In this book, acclaimed economist Herbert Gintis ranges widely across many fields—including economics, psychology, anthropology, sociology, moral philosophy, and biology—to provide a rigorous transdisciplinary explanation of some fundamental characteristics of human societies and social behavior. Because such behavior can be understood only through transdisciplinary research, Gintis argues, Individuality and Entanglement advances the effort to unify the behavioral sciences by developing a shared analytical framework—one that bridges research on gene-culture coevolution, the rational-actor model, game theory, and complexity theory. At the same time, the book persuasively demonstrates the rich possibilities of such transdisciplinary work.
Everything distinctive about human social life, Gintis argues, flows from the fact that we construct and then play social games. Indeed, society itself is a game with rules, and politics is the arena in which we affirm and change these rules. Individuality is central to our species because the rules do not change through inexorable macrosocial forces. Rather, individuals band together to change the rules. Our minds are also socially entangled, producing behavior that is socially rational, although it violates the standard rules of individually rational choice. Finally, a moral sense is essential for playing games with socially constructed rules. People generally play by the rules, are ashamed when they break the rules, and are offended when others break the rules, even in societies that lack laws, government, and jails.
Throughout the book, Gintis shows that it is only by bringing together the behavioral sciences that such basic aspects of human behavior can be understood.
Stewart refrains from positing an overarching system—whether it’s called globalization or neoliberalism or capitalism—to describe the ways that economic, political, and social forces shape individual lives. Instead, she begins with the disparate, fragmented, and seemingly inconsequential experiences of everyday life to bring attention to the ordinary as an integral site of cultural politics. Ordinary affect, she insists, is registered in its particularities, yet it connects people and creates common experiences that shape public feeling. Through this anecdotal history—one that poetically ponders the extremes of the ordinary and portrays the dense network of social and personal connections that constitute a life—Stewart asserts the necessity of attending to the fleeting and changeable aspects of existence in order to recognize the complex personal and social dynamics of the political world.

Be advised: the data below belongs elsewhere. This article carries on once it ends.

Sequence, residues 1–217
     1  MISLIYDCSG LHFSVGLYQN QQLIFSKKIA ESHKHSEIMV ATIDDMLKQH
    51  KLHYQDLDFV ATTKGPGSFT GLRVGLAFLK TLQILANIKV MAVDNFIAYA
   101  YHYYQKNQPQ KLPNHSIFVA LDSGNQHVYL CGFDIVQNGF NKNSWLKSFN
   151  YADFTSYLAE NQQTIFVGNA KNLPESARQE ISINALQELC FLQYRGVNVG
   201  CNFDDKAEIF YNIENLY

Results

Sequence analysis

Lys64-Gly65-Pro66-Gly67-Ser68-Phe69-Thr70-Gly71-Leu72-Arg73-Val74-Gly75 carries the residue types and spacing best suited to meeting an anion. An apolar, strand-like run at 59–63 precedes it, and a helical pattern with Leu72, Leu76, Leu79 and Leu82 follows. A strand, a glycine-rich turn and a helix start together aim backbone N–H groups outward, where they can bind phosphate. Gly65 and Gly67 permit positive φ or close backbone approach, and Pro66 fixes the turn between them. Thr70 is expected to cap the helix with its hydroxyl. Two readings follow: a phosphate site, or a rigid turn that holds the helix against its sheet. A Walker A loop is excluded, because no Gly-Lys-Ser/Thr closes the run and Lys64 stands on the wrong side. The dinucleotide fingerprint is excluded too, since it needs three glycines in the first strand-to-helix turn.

It provides insights from both fields, communicated by eloquent scholars, and demonstrates through recent research and theory how economic behaviors may be more effectively examined using a combination of both fields.
Social Psychology and Economics comes at a particularly fitting time, as a psychological approach to economics has begun to flourish in recent years, and papers exploring the intersection of these two disciplines have appeared in peer-reviewed journals, opening a dynamic dialogue between previously separated fields.